After a mass shooting, their names and faces are plastered on every news site, the front page of every newspaper, and every cable news channel. But more than 140 experts—professors, scholars, law-enforcement professionals, and more—say it's time for the media to stop identifying these killers, Newsweek reports. "All of us agree that it is important to stop giving fame-seeking mass shooters the personal attention they want," the experts say in a signed letter following the death of 59 people in Las Vegas. According to Live Science, the letter states journalists should report all other details of a mass shooting, but "the particular sequence of letters that make up offenders' names, and the particular configuration of bones, cartilage and flesh that make up offenders' faces are among the least newsworthy details about them."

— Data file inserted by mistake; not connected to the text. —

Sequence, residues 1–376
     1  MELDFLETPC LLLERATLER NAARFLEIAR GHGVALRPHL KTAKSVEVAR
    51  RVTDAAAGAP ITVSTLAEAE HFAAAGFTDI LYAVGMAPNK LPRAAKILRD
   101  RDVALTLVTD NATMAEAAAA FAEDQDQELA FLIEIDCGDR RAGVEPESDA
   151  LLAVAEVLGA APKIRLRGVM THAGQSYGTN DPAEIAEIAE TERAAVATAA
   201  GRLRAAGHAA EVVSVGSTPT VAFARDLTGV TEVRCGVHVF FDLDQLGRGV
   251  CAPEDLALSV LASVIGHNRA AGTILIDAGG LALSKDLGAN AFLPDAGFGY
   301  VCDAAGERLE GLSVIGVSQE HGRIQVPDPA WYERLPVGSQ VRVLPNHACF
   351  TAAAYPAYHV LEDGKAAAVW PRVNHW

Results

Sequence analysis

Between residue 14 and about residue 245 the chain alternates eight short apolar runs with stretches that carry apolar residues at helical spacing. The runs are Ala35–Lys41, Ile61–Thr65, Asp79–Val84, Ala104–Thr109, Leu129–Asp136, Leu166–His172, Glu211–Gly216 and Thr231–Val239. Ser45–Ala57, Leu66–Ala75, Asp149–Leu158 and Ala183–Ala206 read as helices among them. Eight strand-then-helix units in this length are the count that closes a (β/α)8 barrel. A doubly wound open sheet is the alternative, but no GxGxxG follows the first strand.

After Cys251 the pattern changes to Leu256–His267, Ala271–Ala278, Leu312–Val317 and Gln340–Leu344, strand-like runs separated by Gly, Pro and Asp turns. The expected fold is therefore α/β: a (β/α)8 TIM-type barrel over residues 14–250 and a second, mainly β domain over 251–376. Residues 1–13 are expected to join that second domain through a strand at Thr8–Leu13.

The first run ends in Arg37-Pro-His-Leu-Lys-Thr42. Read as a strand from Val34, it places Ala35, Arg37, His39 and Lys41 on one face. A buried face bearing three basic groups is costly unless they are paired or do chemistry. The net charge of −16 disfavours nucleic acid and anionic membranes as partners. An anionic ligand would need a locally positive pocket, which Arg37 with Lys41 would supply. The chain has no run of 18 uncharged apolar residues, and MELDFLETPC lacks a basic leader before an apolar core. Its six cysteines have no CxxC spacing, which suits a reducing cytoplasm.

Adam Lankford, a professor of criminology at the University of Alabama, was one of the drafters of the letter. He cites research that shows many mass shooters are motivated by fame and that killers who admit to seeking celebrity kill twice as many people. "They want to be celebrities," Lankford says. The letter states journalists can and should still report details about the killers' lives and interview their friends and family. And the letter admits that there are some extenuating circumstances when a killer should be named and have their photo shared, such as if they are still on the loose. The letter sent to media in the wake of the Las Vegas shooting is far from the first time such an argument has been made after a mass killing.